We’re a family of seven, so it’s hard for people to imagine that we do anything “minimally” or “lightly.” And of course, any time someone hears that we strive towards minimalism, we get the jokes about how we’re not minimalist when it comes to children.
Joking aside, it is possible to travel with fewer things, even if you have a bunch of kids. We’ve found ways that work for us, so I want to share the tips we’ve learned.
We travel light, yet we come prepared for anything. Those things aren’t mutually exclusive, and I’ll prove it to you.
This is a compact, but highly packed, guide to traveling light with five kids, but it applies to anyone with any amount of kids. I’m even going to show you specifically what we pack and take with us.
We’ve done our research and found the best things to take with us when we travel. I link to many of the great things we’ve found, so be sure to take a look if there’s a link.
Some of the items I link to are affiliate links from Amazon, but I only link to things we love and use.
Now let’s talk travel!
Vehicle Vs. Plane Travel
With a large family, it’s often easier to drive.
Plane tickets and rental cars are expensive. This is even truer when you’re accommodating many people.
We live in Europe where plane tickets are cheaper than most places, but we still fork over more than $2,000, on average, when we fly to nearby countries. Flying back to the States can cost upwards of $8,000.
So we try not to fly often. We drive when possible. Driving also provides more room to bring things along. Granted, that’s not always a good thing.
When we travel in our van, we take a few semi-essentials with us just because we have the room. But there are only a few differences between how we pack for vehicle travel and plane travel.
In fact, these are the only additional items we bring when we travel by van:
- A van – We never leave home without it.
- Pack ‘n Play – For the baby to sleep in, but we usually don’t need this. I’ll explain why below.
- Fans/Heaters – Most of my family prefers to sleep with one, but it doesn’t really work out when flying.
That’s it. Other than those things, we’ve learned that if we can leave it at home when we fly, why take it when we drive?
Now let’s get into how we pack light…
What You Shouldn’t Pack
With five kids, we skip the hotels. We’ve found AirBNB (you can use this link to get a discount if you’ve never used it before) to be more accommodating, and less expensive. Honestly, we don’t even fit into hotel rooms anymore. Most hotels have a maximum occupancy of five people per room… pesky fire codes!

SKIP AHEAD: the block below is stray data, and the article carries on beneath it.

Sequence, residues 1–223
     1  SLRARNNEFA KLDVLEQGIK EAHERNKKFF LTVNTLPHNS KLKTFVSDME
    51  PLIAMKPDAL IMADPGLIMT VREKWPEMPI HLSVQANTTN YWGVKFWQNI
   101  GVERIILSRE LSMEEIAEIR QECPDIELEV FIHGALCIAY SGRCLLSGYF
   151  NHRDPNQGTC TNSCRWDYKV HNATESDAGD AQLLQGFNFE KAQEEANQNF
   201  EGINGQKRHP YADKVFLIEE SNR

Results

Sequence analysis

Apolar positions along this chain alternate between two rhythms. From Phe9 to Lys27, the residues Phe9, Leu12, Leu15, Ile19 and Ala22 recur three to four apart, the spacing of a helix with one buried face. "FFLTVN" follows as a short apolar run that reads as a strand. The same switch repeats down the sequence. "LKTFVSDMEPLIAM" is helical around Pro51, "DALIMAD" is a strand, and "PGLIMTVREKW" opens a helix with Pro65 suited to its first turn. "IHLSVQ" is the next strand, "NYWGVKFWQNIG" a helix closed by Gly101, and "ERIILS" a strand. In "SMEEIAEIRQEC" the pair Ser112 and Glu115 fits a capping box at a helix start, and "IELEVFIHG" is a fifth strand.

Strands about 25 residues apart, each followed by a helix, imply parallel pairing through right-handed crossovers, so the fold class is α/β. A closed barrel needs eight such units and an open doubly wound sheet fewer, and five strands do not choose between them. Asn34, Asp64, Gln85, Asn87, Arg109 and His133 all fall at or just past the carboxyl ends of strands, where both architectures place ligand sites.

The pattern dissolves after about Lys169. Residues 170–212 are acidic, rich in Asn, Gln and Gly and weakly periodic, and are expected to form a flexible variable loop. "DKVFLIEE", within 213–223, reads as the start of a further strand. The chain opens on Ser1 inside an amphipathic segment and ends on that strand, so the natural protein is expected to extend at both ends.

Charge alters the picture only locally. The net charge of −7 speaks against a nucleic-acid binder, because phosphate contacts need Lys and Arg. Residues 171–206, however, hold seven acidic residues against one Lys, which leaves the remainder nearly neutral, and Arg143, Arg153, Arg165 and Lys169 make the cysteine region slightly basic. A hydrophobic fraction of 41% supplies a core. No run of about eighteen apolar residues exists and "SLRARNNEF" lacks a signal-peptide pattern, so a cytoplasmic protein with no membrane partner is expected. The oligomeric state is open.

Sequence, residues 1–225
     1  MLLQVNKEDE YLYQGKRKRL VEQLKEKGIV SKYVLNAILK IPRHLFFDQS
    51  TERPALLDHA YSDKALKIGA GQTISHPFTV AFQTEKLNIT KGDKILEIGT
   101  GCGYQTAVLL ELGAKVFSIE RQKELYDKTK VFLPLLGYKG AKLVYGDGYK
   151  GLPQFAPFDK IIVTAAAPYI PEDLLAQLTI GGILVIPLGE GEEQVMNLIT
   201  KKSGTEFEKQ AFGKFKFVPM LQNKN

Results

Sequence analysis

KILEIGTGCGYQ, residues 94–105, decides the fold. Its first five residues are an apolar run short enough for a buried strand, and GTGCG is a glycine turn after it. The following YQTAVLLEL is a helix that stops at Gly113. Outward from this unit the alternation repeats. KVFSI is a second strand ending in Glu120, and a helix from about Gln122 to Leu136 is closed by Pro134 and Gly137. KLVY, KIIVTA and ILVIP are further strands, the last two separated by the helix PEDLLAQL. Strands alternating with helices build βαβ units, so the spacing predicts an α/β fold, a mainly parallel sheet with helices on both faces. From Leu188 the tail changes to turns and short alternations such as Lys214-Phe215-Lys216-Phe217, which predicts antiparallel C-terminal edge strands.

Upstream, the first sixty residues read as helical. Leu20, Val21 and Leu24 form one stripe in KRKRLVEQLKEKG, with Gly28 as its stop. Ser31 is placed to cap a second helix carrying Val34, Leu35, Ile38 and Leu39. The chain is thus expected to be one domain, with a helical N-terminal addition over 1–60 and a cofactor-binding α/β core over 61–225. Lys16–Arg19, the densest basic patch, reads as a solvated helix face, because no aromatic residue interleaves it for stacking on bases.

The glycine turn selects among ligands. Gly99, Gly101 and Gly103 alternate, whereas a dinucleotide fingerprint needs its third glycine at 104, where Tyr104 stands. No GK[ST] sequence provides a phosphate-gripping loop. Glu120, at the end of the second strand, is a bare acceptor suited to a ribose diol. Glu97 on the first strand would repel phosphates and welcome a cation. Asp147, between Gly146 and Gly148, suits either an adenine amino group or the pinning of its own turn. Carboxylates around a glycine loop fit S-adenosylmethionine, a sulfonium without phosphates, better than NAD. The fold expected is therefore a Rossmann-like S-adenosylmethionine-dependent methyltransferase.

Since we’ve been using AirBNB, we’ve found that we can pack much lighter.
The AirBNB will list everything that’s provided for you. All you have to do is make sure the following things are provided so you can pack even lighter. Here’s an example of the amenities provided by a unit:
These are the things we’ve been able to cut:
- Half Our Clothes – It’s easy to find a unit with a washer and dryer, so you can bring half, if not less, what you would normally bring.
- Shampoo and Soap – Practically all units have this. There’s no reason to bring your own.
- Crib/Pack ‘n Play – Most units will provide this if you tell them ahead of time. If the listing says it’s included, make sure you let them know you need it so you don’t risk showing up late at night, and it not being set up.
- Coffee Maker – I used to bring my AeroPress, since it’s the most compact coffee maker I own, but even that isn’t necessary anymore. If the unit doesn’t provide a coffee maker, the AeroPress is still my choice.
Communicate with the host ahead of time. Ask about the little things:
- Will there be coffee provided?
- Or at least a coffee maker?
- If so, what type?
- How are the pillows?
- Do you need to bring your own special pillow or does the unit have pillows that would suffice?
The more you communicate up front, the more accommodating your trip will be. There’s no reason to pack things that are already provided.
Worst case scenario, if the items are supposed to be there and they aren’t, just contact your host or go spend a few dollars and buy them.
Packing for “just in case” leads to overpacking. Don’t do it.
Teach Your Kids to Pack Light